Taken together, the results of this study confirm a key role of dopamine in both the motivational and performance aspects of sexual behavior, and confirm that conditions characterized by permanently high levels of dopamine (i.e., “hyperdopaminergia”), like those due to DAT gene silencing or to chronic treatment with psychostimulants (e.g., cocaine and amphetamines) in laboratory animals, may be useful for modeling the behavioral, neurochemical and molecular features not only of psychopathological conditions such as psychotic states and attention-deficit/hyperactivity disorders (ADHD) but also to characterize the neural substrates underlying conditions such as hypersexuality and altered sexual behavior.

Data Availability Statement

The datasets generated for this study are available on request to the corresponding author.

Ethics Statement

The animal study and the experiments were reviewed and approved by the Ethical Committee for Animal Experimentation of the University of Cagliari.

Author Contributions

FS, AA, and MM designed the study. FS and JB designed, performed and analyzed the data from sexual behavior and microdialysis experiments. MS, MQ, and MB performed the Western Blot experiments and analyzed Western Blot data. RG, DL, and SE bred and selected DAT KO, HET and WT rats. FS, AA, MM, and MQ supervised the study. FS, AA, MM, and MQ wrote the manuscript. All authors discussed the results and commented on the manuscript.

Funding

This work was partially supported by a grant from the Italian Ministry of the University and Research (MIUR) to FS (Scientific Independence of young Researchers_2014, Project Code No. RBSI14IUX7) and by grants from the University of Cagliari to AA, MM, FS, MS, and MQ (FIR 2016-2017-2018). RG was supported by the project ID: 51143531 of the St. Petersburg State University, St. Petersburg, Russia.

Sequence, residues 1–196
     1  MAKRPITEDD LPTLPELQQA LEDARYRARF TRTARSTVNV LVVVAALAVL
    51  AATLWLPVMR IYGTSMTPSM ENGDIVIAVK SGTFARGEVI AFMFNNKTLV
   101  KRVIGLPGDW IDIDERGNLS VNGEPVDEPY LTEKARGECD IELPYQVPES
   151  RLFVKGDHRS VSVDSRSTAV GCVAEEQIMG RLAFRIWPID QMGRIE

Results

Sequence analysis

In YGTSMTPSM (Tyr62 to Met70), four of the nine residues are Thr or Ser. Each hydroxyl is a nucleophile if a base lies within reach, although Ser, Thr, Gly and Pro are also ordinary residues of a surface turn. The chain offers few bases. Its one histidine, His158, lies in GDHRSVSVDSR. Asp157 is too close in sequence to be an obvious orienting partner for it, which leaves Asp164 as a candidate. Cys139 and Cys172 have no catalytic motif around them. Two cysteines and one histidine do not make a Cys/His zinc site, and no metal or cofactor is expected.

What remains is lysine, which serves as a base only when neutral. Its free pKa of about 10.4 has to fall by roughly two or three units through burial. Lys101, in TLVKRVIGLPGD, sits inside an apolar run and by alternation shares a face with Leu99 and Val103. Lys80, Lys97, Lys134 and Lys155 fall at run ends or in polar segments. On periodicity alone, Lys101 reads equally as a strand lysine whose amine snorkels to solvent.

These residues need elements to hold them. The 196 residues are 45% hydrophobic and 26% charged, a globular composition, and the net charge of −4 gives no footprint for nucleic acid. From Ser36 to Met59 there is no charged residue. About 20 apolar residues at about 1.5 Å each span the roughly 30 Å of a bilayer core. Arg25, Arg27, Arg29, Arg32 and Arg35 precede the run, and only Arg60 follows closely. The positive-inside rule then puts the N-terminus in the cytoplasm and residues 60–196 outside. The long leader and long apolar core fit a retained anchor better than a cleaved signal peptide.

Conflict of Interest Statement: The authors declare that the research was conducted in the absence of any commercial or financial relationships that could be construed as a potential conflict of interest.

Acknowledgments

We gratefully acknowledge the work of Dr. Barbara Tuveri, CeSASt, University of Cagliari, for animal housing and care and the Italian Institute of Technology (IIT) for the kind gift of DAT KO, HET and WT rats used in this study.

Footnotes

  1. ^ https://www.licor.com/bio/image-studio-lite/download

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Keywords: sexual behavior, DAT knockout rats, dopamine, glutamic acid, D-FosB, BDNF/trkB, synaptic proteins, Arc

Citation: Sanna F, Bratzu J, Serra MP, Leo D, Quartu M, Boi M, Espinoza S, Gainetdinov RR, Melis MR and Argiolas A (2020) Altered Sexual Behavior in Dopamine Transporter (DAT) Knockout Male Rats: A Behavioral, Neurochemical and Intracerebral Microdialysis Study. Front. Behav. Neurosci. 14:58. doi: 10.3389/fnbeh.2020.00058

Received: 23 December 2019; Accepted: 25 March 2020;
Published: 20 April 2020.

Edited by:

Raúl G. Paredes, National Autonomous University of Mexico, Mexico

Reviewed by:

Anders Agmo, Arctic University of Norway, Norway
Wendy Portillo, National Autonomous University of Mexico, Mexico

Copyright © 2020 Sanna, Bratzu, Serra, Leo, Quartu, Boi, Espinoza, Gainetdinov, Melis and Argiolas. This is an open-access article distributed under the terms of the Creative Commons Attribution License (CC BY). The use, distribution or reproduction in other forums is permitted, provided the original author(s) and the copyright owner(s) are credited and that the original publication in this journal is cited, in accordance with accepted academic practice. No use, distribution or reproduction is permitted which does not comply with these terms.

*Correspondence: Fabrizio Sanna, fabrizio.sanna@unica.it